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Social Web Application Design

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Social Web Application Design. In particular: Comparison of how we think of “community” applications today vs. five years ago, Definitions of what and who defines social software, Overview of the......

Social Web Application Design. In particular: Comparison of how we think of “community” applications today vs. five years ago, Definitions of what and who defines social software, Overview of the interaction elements commonly found in social Web applications, Discussion about the pros and cons of enabling community features within products, Outline of best practices for designing social software (culled from my experiences working on products for eBay, Yahoo!, and more).

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  • 1. The Web Now: Social Luke Wroblewski Principal Designer, Yahoo! Inc. IxD Symposium IA Summit 2006 03-23-2006
  • 2. Definitions What is Community? • In 1999… • • Discussion boards, email newsletters In 2006… • • Tags, ratings, reviews, comments, trackbacks, RSS, sharing (email, IM), distribution, blogs, wikis Always… • • People united by shared interests or goals 2
  • 3. What makes up a community? Content is King • • Great products create community • Great actions (useful features & functions) • Great interest (compelling content) Social Behaviors • • Reputation & Identity • One to One, One to many, many to many communication • Sequences, Rituals, Groups 3
  • 4. Who’s In a Community? Yahoo! Groups Example • Creators • 1% of the user population might start a • group (or a thread within a group) Synthesizers • 10% of the user population might • participate actively, and actually author content whether starting a thread or responding to a thread-in-progress Consumers • 100% of the user population benefits from • the activities of the above groups * Bradley Horowitz, Yahoo! Research 4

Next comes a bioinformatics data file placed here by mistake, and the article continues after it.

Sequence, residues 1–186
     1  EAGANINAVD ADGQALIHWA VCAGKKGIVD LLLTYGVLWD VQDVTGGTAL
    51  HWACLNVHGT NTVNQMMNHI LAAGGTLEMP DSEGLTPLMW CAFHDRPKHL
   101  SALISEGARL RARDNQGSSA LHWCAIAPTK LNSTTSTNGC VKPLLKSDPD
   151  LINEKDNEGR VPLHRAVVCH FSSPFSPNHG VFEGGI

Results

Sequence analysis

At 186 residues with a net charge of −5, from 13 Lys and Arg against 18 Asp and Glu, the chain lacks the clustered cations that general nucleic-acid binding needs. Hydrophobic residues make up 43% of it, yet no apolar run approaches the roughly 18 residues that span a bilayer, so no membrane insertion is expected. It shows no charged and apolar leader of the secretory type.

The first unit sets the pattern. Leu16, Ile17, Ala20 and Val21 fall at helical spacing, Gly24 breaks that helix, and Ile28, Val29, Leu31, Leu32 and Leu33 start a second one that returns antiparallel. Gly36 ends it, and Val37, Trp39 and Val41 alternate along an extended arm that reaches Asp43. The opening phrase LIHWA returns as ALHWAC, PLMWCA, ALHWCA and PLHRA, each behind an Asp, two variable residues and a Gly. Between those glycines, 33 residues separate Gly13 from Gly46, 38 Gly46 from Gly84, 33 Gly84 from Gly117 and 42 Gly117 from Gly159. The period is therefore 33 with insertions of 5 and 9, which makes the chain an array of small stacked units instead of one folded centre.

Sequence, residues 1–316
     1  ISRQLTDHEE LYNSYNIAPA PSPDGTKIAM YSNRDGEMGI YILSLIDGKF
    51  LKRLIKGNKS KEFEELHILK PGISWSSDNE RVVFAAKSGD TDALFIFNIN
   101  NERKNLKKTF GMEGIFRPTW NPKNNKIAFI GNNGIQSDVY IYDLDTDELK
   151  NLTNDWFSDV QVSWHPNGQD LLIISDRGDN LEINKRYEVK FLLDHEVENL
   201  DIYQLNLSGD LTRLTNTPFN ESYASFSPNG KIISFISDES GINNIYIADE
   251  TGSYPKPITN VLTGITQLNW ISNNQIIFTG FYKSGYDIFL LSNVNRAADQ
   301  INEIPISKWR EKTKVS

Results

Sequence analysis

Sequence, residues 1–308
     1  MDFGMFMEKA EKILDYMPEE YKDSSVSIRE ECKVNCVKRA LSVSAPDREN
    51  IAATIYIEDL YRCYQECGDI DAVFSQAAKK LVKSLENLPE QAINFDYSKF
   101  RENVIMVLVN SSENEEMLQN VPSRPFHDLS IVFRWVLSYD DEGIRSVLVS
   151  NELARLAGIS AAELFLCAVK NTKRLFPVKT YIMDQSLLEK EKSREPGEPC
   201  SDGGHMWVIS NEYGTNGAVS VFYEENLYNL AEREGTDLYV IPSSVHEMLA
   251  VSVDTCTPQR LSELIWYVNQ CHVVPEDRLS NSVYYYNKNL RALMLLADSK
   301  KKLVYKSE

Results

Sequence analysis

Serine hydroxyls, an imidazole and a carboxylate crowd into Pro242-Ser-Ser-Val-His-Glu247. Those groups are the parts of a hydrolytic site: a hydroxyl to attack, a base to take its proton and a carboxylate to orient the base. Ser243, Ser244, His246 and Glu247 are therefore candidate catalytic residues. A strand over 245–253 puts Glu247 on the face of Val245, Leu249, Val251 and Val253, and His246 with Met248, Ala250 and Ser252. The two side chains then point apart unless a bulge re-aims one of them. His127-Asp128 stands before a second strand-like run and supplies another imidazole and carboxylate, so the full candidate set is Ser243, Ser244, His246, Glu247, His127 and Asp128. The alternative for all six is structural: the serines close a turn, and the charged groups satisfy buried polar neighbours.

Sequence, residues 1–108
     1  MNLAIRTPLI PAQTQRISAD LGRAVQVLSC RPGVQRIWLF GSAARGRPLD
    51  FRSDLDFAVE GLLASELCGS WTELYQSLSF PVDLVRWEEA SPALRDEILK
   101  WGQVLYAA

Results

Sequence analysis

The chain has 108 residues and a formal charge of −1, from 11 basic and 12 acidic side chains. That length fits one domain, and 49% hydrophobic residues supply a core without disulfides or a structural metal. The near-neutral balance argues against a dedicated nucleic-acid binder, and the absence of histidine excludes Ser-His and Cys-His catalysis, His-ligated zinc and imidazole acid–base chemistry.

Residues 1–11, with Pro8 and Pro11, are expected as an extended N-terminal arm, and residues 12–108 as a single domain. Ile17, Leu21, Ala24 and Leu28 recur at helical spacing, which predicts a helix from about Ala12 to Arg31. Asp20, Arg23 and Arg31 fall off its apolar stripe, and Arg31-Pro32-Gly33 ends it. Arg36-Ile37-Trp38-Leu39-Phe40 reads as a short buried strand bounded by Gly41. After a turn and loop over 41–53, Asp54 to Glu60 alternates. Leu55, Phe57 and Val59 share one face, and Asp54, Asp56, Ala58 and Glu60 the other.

• 5. Why Enable Community? Value human to human interactions from * Images from Flickr 5
  • 6. Contribute Ratings reviews favorites wikis calendars flag comments tags discussion boards inline chat 6
  • 7. Share Email to friend save to list send via IM add download trackbacks add to blog to my site playlists subscribe invite 7
  • 8. Implications: Good Filter • • Provide Information about information • Organic Popularity Original content creation • • Flickr Increased Engagement • • Yahoo! Answers Invested Customers • • eBay Collaborative Innovation • • eBay & PayPal Inclusion • • Lego Mindstorms * Images from Flickr 8
  • 9. Implications: Bad Too many “social” features can distract • Blur the focus of the product • Quality • Splogs, spratings, spags, comment spam, • trackback spam Lightweight interactions = lightweight • content Power Laws • Power participants can become a dominant • force in the direction of a product Power can be abused • The vocal minority: potential innovation • hurdle Factions vs. Tribes • Privacy & Exposure • Safety • * Images from Flickr 9
  • 10. Best Practices * Images from Flickr 10
  • 11. Enable Identity Welcome • Pay attention to people • Flickr, MySpace • Anonymity can be a death • sentence Lack of accountability & • reputation Personal Branding • Nickname • About/URL • Images • Accomplishments • Stuff I’ve Done • Rewards • Social Incentive • “You’ve got mail!” • 11
  • 12. Focus on the Epicenter VS. Don’t lose sight of primary content and goals 12
  • 13. Provide for Creators, Synthesizers, & Consumers Creators Synthesizers Consumers CSC personality types do not easily migrate between groups • Scaling engagement is hard and often inappropriate • Leverage differences to maintain balance • 13
  • 14. Design Systems Extensible • • Social applications grow organically • Define flexibility upfront • Define rules early on Think “Ecosystem” • • Movement of content • Cycles Structured • • Interaction design establishes how a community can engage with each other and beyond Objects & Actions • * Pearson Education 14
  • 15. 15 * http://flickr.com/photos/bryce/58299511/
  • 16. Constraints Balance Systems Quality Control • Lightweight interactions = lightweight • content “Burying the submit button [in community • Web sites] encourages fewer, but better posts.” -Derek Powazek, Design for Community, 2001 Barriers to Entry • quot;The best check on bad behavior is • identity.” -Mark Zuckerburg, Facebook Founder Game Design • Embrace Constraints • 16
  • 17. Questions? luke@lukew.com * Images from Flickr 17